At the same time, Clinton insisted that the global economic crisis
has underscored the need to "reach agreement on the rules and principles
that will anchor our economic relationships in the coming decades."
Those principles include:
- The Asia-Pacific economic system must be open--shedding
rules that restrict trade and create discriminatory markets.
Exclusive trading arrangements fragment the regional economy. It
is time for a broader Trans-Pacific Partnership that unites the
- The regional system must be a free one, in which "ideas,
information, products and capital can flow unimpeded by unnecessary
or unjust barriers." Just as the United States seeks to attract
foreign investment, so others must be open to U.S. and other
- Economic regulations must be developed transparently and communicated to all parties, rather than conjured up when convenient.
- Finally, rules must be applied fairly to all, since
"fairness sustains faith in the system. That faith is difficult to
sustain when companies are forced to trade away their intellectual
property just to enter or expand in a foreign market, or when vital
supply chains are blocked."
(This last critique was aimed squarely at China, which has alienated
investors and trading partners through its "indigenous innovation"
policies and its embargo on exporting "rare earth" metals to Japan.)
Clinton's four principles--which she first articulated
at the Asia Pacific Economic Cooperation (APEC) senior ministers'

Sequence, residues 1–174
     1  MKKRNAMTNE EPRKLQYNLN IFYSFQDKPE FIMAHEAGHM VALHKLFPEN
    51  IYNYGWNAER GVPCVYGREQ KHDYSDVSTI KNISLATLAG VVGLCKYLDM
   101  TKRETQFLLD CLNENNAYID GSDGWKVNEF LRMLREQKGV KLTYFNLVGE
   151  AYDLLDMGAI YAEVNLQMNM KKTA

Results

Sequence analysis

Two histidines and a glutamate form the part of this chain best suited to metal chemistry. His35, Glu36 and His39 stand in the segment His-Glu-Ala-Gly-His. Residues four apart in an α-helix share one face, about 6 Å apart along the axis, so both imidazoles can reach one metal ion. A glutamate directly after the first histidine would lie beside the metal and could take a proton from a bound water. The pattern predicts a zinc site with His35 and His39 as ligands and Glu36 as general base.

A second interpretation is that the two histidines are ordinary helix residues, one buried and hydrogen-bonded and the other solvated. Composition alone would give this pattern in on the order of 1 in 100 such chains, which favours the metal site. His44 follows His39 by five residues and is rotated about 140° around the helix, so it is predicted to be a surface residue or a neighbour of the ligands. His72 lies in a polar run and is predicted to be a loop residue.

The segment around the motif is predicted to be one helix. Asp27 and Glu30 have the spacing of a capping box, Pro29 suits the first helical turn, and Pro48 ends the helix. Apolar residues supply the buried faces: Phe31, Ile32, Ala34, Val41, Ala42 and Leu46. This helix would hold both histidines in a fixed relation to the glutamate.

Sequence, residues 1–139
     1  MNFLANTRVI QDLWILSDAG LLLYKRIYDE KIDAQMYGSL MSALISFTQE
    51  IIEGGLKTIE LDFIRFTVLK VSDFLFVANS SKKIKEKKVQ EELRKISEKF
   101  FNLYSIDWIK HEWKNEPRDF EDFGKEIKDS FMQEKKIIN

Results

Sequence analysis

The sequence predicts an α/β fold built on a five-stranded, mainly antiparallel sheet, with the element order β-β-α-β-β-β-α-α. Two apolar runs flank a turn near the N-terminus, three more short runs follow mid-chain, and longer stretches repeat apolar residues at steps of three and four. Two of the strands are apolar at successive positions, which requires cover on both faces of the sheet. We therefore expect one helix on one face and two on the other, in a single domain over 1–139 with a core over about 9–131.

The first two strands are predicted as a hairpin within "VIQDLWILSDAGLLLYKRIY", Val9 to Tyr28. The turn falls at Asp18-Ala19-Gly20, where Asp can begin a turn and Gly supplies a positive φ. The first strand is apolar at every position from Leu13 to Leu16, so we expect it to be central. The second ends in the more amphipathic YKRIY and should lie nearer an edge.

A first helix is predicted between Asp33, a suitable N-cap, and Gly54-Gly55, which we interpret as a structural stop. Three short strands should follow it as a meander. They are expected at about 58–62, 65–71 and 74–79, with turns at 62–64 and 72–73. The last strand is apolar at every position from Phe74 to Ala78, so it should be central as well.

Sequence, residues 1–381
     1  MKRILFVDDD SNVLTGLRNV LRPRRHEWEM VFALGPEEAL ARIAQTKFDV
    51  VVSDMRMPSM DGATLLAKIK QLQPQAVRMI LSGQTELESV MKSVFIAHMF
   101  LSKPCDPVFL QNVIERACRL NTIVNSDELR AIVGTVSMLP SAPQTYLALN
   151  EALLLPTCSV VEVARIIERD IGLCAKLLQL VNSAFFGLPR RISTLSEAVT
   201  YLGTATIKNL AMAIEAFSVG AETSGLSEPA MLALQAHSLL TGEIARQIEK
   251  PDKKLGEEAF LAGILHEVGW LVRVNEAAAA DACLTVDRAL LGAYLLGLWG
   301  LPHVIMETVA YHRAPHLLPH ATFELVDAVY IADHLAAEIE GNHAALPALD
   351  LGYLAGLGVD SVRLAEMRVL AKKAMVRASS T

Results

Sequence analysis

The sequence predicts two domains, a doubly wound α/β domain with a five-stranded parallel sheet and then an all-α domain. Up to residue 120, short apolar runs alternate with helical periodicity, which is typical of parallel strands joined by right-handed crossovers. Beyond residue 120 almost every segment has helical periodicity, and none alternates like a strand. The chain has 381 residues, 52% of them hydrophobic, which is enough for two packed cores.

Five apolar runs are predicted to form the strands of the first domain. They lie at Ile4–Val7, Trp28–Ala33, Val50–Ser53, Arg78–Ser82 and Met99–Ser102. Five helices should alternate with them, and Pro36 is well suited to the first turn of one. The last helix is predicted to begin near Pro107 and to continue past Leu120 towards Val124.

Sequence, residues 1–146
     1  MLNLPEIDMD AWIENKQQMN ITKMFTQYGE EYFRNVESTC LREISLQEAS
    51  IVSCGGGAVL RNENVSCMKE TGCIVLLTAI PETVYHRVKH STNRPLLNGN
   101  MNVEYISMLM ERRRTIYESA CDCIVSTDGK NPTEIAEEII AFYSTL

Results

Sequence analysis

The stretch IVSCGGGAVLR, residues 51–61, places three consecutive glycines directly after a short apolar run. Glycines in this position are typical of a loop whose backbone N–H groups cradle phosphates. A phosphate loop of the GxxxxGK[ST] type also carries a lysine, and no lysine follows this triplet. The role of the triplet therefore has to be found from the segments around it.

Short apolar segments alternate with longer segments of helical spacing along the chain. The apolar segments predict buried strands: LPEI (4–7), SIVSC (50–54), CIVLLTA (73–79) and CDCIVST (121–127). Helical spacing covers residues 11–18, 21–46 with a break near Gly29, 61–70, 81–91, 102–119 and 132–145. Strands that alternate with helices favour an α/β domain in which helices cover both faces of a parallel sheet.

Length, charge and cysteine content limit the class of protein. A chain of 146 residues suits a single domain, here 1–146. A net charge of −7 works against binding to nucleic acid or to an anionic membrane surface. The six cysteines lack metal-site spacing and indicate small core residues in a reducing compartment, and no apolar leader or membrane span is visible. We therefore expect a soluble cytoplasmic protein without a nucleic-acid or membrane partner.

meetings in Washington in March--are hardly original. They have been part
and parcel of the U.S. vision of an open, multilateral system of trade
and payments since the end of World War II. Then, as now, the overriding
U.S. strategic objective was to prevent the world's fragmentation into
competing, discriminatory economic--and eventually political--blocs.
What is novel in Clinton's approach is her insistence that developing
countries--which have often been granted special treatment--can no longer
be exempted from binding rules.
"In fact, all who benefit from open, free, transparent,
and fair competition have a vital interest and a responsibility to
follow the rules. Enough of the world's commerce takes place with
developing nations, that leaving them out of the rules-based system
would render the system unworkable."
The unmistakable message: no longer can developing nations like China
or India plead underdevelopment to skirt multilateral obligations. In
trade, as in other realms, they must become responsible stakeholders.
The Obama administration will find this an uphill struggle, given emerging power temptations to free ride, but it is a cause worth fighting for.
Furthermore, Secretary Clinton made it clear that the United States
considers the inclusive APEC forum--"the premier organization for
pursuing economic integration and the growth in the Asia-Pacific"--the
most appropriate setting for harmonizing trade rules and leveling the
playing field. While celebrating the pending Korea-United States (KORUS)
free trade agreement, she cautioned that the emerging "hodgepodge of
inconsistent and partial bilateral agreements," while lowering tariffs,
would "also create new inefficiencies and dizzying complexities." Rather
than form new exclusive groupings, "we should aim for true regional